Our Legal Heritage: James Macpherson – hung for being an ‘Egyptian’

Our Legal Heritage: James Macpherson – hung for being an ‘Egyptian’

Burns, part of the Macpherson cult

He has attained folk hero status as a sort of Scottish Robin Hood and at Burns Suppers around the country this weekend his execution will be recalled with performances of ‘Macpherson’s Farewell’ also known as Macpherson’s ‘Rant’ or ‘Lament’.

But who was the 25-year old who met his end on a gallows in Banff on November 16, 1700 and why was he accused of being an Egyptian?

Macpherson was a ‘dykesider’, the term for an illegitimate Laird’s offspring in the North East of Scotland. He was born as the result of a liaison between his father, Macpherson of Invereshie, and a traveller girl after they met at a wedding. He was raised in his father’s house until Macpherson senior’s untimely death whereupon his mother reclaimed him but he always remained on good terms with both sides of his family.

He was said to cut quite a dash and was “in beauty, strength and stature rarely equalled.” He was a legendary swordsman and a gifted fiddler. To what extent his attributes have been exaggerated in the telling – we’ll never know. But he does seem to have been a charismatic figure and attracted a band of traveller followers who paid scant regard to the law.

Macpherson and his men targetted rich lairds and wealthy farmers and seem to have enjoyed some support from local folk. Eventually they became so emboldened that their entry to towns on market days would be preceded by a piper. His reign of robbery, mayhem and terror extended across Aberdeenshire in the market towns of Keith, Forres, Banff and Elgin but finally incurred the displeasure of Lord Duff of Braco who made several attempts to capture Macpherson. On one occasion he was detained but was freed by his brother who was assisted by the populace of Aberdeen.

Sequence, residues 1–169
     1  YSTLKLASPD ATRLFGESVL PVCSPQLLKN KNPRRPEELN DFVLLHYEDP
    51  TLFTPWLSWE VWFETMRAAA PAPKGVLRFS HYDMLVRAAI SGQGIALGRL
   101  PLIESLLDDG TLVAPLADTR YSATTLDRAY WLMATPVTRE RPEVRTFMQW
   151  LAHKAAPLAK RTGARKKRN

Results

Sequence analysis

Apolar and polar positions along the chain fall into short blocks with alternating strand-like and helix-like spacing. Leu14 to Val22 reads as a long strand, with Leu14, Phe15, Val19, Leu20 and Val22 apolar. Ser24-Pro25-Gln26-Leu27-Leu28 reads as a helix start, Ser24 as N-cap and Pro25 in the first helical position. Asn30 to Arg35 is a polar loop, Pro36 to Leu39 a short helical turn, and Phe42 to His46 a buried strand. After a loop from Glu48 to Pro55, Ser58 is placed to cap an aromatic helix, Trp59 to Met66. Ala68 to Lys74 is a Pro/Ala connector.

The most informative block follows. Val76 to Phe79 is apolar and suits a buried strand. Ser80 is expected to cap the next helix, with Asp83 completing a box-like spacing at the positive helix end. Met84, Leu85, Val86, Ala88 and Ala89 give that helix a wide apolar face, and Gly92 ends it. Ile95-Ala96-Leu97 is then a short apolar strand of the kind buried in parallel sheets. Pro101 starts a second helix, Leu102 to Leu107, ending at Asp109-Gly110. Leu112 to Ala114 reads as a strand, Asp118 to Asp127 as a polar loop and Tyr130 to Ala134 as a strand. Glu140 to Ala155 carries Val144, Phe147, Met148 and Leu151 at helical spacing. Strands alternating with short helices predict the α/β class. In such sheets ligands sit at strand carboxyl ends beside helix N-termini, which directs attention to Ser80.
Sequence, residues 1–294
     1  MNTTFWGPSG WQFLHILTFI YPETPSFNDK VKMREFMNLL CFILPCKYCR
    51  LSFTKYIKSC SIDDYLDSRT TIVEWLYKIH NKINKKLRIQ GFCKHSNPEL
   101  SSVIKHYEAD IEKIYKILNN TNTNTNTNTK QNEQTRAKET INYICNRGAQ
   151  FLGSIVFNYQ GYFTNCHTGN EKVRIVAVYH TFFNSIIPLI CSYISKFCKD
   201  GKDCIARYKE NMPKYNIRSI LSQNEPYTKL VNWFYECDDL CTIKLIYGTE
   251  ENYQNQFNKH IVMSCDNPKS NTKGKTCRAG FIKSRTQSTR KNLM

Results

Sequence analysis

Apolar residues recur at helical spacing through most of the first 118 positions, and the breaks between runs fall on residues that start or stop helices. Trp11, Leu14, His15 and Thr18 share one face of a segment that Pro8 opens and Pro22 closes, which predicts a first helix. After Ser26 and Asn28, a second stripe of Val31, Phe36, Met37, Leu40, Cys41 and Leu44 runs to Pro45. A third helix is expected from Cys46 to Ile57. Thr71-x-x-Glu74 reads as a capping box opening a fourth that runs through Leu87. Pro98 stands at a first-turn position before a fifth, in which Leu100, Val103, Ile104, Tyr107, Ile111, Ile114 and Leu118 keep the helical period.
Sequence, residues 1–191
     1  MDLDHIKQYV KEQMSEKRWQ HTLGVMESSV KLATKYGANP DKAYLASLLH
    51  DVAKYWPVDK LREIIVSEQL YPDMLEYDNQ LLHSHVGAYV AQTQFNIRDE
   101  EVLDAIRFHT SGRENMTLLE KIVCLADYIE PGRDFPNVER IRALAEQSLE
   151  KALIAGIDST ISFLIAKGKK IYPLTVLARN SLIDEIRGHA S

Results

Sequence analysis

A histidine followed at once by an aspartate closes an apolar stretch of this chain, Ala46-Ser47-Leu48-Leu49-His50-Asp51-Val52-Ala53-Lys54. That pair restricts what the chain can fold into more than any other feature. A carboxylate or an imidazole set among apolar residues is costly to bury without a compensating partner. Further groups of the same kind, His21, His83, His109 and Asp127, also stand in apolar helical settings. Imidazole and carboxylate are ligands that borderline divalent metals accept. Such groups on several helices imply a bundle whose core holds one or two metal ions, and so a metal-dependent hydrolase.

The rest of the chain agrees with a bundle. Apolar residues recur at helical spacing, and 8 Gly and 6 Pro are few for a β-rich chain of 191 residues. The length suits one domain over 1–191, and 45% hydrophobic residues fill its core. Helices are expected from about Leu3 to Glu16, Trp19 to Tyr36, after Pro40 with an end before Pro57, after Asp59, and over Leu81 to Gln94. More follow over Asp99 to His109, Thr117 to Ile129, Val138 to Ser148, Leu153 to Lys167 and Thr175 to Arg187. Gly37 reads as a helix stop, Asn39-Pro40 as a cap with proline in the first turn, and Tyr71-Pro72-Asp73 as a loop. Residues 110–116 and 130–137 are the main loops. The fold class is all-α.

He was finally captured by Duff and his men at the Saint Rufus Fair in Keith. Macpherson’s men put up stiff resistance and one of them was killed. But Duff prevailed and Macpherson was taken to the tolbooth in Banff under heavy guard.

In 1609, the Scottish Parliament passed an act against Romani groups known as the “Act against the Egyptians”, which made it lawful to condemn, detain and execute Gypsies if they were known or reputed to be ethnically Romani.

It was not the most enlightened piece of legislation and the sentencing statement made at Macpherson’s trial makes interesting reading:

“Forasmeikle as you James Macpherson, pannal, are found guilty by ane verdict of ane assyse, to be knoun, holden, and repute to be Egiptian and a wagabond, and oppressor of his Magesties free lieges in ane bangstrie manner, and going up and down the country armed, and keeping mercats in ane hostile manner, and that you are a thief, and that you are of pessimae famae. Therfor, the Sheriff-depute of Banff, and I in his name, adjudges and discernes you the said James Macpherson to be taken to the Cross of Banff, from the tolbooth thereof, where you now lye, and there upon ane gibbet to be erected, to be hanged by the neck to the death by the hand of the common executioner, upon Friday next, being the 16th day of November instant, being a public weekly mercat day, betwixt the hours of two and three in the afternoon….”

In the run up to his execution Macpherson composed his famous ‘Rant’ and Duff is said to have ordered the Banff clock to be put forward to thwart a reprieve that was on its way. Macpherson sang his lament on the gallows and smashed his fiddle before meeting his fate.

A legend was born and Robert Burns was instrumental in developing the cult of Macpherson with his rewrite of the famous rant:

Farewell, ye dungeons dark and strong,
The wretch’s destinie!
McPherson’s time will not be long,
On yonder gallows-tree.

Sae rantingly, sae wantonly,
Sae dauntingly gaed he;
He play’d a spring, and danc’d it round,
Below the gallows-tree.

O what is death but parting breath?
On many a bloody plain
I’ve dar’d his face, and in this place
I scorn him yet again!

Untie these bands from off my hands,
And bring me to my sword;
And there’s no a man in all Scotland,
But I’ll brave him at a word.

I’ve liv’d a life of sturt and strife;
I die by treacherie:
It burns my heart I must depart,
And not avenged be.

Now farewell light, thou sunshine bright,
And all beneath the sky!
May coward shame distain his name,
The wretch that dares not die!

Sae rantingly, sae wantonly,
Sae dauntingly gaed he;
He play’d a spring, and danc’d it round,
Below the gallows-tree.

Graham Ogilvy

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